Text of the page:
entertainingfoodFood & Drinkin the kitchen withkristina gillrecipes

in the kitchen with: giao trac’s vietnamese spring rolls

by Grace Bonney

Many of you may not know that living in Italy is bittersweet as far as food is concerned. Great Italian! Not great choices for other types of food! So I am always on the lookout for great recipes to bring that diversity to my life. This week’s recipe for Vietnamese Spring Rolls with Hoisin Peanut Sauce comes to us from Giao Trac (pronounced like “Ciao!”) from KissMySpatula.com. It’s easy easy easy to make and personalize! You’re already craving Vietnamese food today aren’t you? –Kristina

About Giao: Though Giao began her career as a management consultant for Fortune 500 clients, she’s always had a deep love for good design, and for good food. After pouring blood, sweat and tears into a two year design and remodel, Giao stepped foot into her new kitchen and never left. She began recreating her own version of restaurant favorites and whipping up homemade supermarket staples from scratch. Why go out to buy soy milk, goat cheese, baguettes, hummus, mustard or ketchup when you can make them in the comforts of home? Her food is simple, seasonal, local and organic whenever possible. She’s transferred her passion of interior design into web design and photography –with an etsy store and web design shop in the works, so stay tuned. Until then, she chronicles her homemade culinary adventures at Kiss My Spatula.

CLICK HERE for the full recipe after the jump!

Vietnamese Spring Rolls with Hoisin Peanut Sauce

For the vegetarians/vegans out there, feel free to substitute the shrimp with grilled tofu. And for all you carnivores, simply add grilled pork, beef or chicken. In addition, mix and match any of your favorite vegetables.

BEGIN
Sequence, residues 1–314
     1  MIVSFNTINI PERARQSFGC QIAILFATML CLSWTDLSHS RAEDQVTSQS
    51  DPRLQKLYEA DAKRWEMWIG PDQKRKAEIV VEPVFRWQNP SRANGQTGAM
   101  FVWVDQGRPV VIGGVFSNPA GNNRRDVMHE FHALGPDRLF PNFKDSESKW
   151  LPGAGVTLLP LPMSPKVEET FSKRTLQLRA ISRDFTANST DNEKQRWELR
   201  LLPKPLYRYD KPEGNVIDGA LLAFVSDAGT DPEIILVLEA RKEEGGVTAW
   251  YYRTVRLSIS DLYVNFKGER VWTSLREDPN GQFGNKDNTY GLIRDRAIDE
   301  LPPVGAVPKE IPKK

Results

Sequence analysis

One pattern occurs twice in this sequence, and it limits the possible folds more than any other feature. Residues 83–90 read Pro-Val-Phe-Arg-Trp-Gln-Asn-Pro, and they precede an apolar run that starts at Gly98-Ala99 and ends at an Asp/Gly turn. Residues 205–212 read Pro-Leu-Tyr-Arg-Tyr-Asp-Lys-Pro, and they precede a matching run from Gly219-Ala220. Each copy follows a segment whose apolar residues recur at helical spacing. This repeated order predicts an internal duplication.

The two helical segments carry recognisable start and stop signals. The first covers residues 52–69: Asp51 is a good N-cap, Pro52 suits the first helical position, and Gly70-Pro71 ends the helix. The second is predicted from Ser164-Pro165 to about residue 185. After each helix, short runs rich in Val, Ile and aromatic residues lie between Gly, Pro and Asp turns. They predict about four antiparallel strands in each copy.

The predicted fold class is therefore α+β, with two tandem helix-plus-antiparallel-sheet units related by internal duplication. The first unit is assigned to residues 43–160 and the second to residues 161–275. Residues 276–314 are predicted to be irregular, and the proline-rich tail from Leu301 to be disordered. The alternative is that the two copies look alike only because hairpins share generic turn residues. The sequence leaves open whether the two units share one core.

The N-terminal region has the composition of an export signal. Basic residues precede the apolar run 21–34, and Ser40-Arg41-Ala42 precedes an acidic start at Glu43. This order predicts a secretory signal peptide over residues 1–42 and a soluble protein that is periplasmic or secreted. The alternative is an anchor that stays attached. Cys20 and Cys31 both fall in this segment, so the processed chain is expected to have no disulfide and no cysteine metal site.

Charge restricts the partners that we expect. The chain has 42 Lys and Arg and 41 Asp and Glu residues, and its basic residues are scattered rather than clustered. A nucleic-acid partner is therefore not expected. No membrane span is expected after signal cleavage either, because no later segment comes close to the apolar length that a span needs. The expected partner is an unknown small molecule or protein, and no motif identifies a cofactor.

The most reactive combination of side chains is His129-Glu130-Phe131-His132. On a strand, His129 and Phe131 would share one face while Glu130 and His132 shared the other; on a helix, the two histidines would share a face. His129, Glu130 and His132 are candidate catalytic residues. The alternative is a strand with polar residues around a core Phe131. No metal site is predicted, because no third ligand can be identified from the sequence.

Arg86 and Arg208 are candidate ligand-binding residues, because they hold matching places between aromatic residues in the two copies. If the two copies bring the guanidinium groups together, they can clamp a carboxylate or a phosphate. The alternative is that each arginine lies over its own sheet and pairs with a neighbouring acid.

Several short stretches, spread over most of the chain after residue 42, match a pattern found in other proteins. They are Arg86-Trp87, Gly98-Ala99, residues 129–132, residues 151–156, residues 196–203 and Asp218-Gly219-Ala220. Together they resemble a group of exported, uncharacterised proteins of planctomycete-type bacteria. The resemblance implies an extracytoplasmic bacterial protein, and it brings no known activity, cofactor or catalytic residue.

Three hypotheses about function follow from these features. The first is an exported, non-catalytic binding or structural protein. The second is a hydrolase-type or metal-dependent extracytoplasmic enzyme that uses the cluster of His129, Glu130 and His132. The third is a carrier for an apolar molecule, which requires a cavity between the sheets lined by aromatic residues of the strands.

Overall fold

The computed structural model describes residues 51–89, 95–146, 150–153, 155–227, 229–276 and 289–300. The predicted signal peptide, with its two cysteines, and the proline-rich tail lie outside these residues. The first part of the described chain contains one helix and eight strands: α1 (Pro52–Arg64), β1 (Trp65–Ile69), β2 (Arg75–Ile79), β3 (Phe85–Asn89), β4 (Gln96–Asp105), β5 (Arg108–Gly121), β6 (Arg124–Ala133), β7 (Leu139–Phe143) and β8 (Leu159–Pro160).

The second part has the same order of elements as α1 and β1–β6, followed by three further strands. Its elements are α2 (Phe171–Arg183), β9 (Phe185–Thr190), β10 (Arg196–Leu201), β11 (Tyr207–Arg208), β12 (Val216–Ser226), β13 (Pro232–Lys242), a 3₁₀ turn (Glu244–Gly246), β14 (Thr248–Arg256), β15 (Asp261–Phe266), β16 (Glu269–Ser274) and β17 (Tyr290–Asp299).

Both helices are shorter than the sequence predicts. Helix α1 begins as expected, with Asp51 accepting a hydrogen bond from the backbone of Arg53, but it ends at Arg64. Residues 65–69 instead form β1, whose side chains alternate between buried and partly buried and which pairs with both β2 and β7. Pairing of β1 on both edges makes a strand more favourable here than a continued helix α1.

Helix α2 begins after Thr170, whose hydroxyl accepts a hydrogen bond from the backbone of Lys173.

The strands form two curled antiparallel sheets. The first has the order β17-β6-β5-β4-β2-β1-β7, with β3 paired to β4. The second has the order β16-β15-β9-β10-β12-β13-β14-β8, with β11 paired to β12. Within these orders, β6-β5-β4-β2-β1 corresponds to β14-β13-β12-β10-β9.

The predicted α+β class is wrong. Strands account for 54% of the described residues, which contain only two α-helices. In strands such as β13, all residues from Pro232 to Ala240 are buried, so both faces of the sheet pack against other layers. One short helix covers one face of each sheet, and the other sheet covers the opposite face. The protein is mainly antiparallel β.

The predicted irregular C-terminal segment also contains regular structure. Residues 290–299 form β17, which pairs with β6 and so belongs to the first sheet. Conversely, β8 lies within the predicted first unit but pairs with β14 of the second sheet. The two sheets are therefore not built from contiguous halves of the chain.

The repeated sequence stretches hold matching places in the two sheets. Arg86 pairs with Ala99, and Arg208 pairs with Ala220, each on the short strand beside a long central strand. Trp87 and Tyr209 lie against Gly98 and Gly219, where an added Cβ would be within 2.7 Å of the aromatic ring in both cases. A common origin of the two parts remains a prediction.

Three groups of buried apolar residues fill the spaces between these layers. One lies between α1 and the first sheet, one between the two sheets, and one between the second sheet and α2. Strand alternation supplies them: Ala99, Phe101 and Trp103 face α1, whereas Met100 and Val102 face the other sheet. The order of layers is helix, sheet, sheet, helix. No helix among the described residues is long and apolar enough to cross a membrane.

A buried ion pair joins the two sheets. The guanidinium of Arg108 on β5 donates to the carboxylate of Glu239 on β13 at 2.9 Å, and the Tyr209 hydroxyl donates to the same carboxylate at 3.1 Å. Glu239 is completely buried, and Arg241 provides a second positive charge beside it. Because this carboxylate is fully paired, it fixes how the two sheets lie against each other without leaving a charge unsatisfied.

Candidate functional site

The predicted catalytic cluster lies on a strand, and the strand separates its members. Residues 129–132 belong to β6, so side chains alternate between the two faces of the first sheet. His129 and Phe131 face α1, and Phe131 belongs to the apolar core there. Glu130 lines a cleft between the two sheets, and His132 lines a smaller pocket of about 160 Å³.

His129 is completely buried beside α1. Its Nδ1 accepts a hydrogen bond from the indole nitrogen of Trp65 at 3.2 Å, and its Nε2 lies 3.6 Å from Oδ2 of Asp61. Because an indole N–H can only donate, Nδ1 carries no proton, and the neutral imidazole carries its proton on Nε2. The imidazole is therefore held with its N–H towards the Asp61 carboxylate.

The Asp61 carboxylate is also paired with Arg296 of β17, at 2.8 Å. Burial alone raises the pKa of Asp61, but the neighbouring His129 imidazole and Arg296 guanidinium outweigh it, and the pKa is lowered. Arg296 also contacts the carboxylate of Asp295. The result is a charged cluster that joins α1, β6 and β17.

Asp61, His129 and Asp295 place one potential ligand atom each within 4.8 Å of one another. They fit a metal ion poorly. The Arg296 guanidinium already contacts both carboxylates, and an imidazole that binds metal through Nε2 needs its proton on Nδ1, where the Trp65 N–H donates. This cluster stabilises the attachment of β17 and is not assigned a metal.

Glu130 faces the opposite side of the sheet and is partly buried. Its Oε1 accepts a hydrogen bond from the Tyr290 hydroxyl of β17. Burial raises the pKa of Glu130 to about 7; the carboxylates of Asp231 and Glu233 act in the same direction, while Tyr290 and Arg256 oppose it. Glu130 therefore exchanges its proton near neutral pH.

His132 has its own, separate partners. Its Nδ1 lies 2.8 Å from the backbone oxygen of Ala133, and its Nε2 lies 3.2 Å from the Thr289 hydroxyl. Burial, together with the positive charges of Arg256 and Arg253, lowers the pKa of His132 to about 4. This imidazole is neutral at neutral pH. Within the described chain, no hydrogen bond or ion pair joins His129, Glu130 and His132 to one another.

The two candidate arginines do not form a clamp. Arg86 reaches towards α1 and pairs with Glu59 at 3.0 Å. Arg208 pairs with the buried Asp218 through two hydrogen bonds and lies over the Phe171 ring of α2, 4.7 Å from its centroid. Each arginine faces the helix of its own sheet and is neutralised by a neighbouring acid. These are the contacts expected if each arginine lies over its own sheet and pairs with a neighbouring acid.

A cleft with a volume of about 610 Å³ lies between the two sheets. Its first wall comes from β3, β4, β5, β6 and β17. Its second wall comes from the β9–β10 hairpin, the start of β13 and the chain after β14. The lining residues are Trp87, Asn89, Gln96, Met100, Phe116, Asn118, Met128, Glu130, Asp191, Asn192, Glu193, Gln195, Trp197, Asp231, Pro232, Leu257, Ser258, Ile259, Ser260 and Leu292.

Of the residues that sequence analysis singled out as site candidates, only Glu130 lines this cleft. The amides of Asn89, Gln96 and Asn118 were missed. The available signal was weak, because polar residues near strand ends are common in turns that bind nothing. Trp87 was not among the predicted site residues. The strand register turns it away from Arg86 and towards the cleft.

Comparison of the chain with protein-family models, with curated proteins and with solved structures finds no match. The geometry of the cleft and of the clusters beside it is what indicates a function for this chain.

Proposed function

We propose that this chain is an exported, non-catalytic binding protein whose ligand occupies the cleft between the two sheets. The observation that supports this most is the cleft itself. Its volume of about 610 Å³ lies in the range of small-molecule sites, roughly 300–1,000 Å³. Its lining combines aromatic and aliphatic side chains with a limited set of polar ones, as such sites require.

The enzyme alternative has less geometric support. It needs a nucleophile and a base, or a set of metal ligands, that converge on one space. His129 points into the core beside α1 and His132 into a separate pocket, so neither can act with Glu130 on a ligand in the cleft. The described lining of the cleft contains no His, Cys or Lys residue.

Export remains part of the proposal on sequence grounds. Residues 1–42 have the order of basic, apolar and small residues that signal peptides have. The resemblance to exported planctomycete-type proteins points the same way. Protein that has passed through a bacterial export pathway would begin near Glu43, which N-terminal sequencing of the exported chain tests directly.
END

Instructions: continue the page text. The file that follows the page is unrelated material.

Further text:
For the rolls:

** 1 lb. fresh shrimp

** 1 cucumber, cut into thin, long strips

** 1 red pepper, cut into thin long strips

** 1 head of green lettuce, any kind

** 1 bunch cilantro

** 1 bunch mint

** Rice paper

** Rice vermicelli noodles
For the dipping sauce:

** 1 large clove garlic, minced

** 1 tsp olive oil

** 1/4 cup organic peanut butter

** 2 tsp. hoison sauce

** 1/4 cup water (more if needed)

** Sriracha chili sauce (optional)


Bring a saucepan to a boil on medium heat. Add shrimp and poach for 3-4 minutes until bright pink. Allow to cool to room temperature. Remove skins, devein and slice in half crosswise. Set aside. Bring a medium saucepan filled halfway with water to a boil. Once a rapid boil is reached, add rice vermicelli noodles, cover and immediately remove from heat. Set timer for 5 minutes. After 5 minutes, drain noodles in a colander and rinse with cold water to stop cooking. Allow to dry at room temperature or in the refrigerator.

Meanwhile, begin to prepare the dipping sauce. Heat a small small saucepan with olive oil on medium-low heat. Add garlic and saute quickly, about 20 seconds. Do not let garlic burn. Add peanut butter and hoisin sauce and continue to stir. When sauce begins to incorporate and thickens up, add water. Adjust to taste and continue to add water, 1 tbsp. at a time, if it becomes too thick. Remove from heat and set aside.

To assemble rolls, dip single sheets of rice paper into hot water. Allow excess water to drain and quickly place on a plate. Once rice paper becomes pliable and soft, add shrimp, softened noodles, cucumbers, red peppers, cilantro and mint. Carefully roll closed and slice in half. Serve with hoisin peanut dipping sauce.

Why Giao Picked This Recipe:

Close to my heart, this is a dish from my motherland of Vietnam. It reminds me of family, community and love. It’s also one of the most versatile dishes I know. Eaten in any season. Filled with any ingredient. Served for any course. I’ve even held an entire dinner party where all guests got involved, learned how to make their own rolls and ate to their hearts content. Vietnamese spring rolls are healthy, ridiculously easy, and super fun to prepare and eat.

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  • Those look yummy! I know what you mean about finding other cuisines in Italy. When I studied there in college we would buy white rice and scallions from the one Chinese restaurant we could find so that we could make our own asian food. We couldn’t even find scallions in the markets!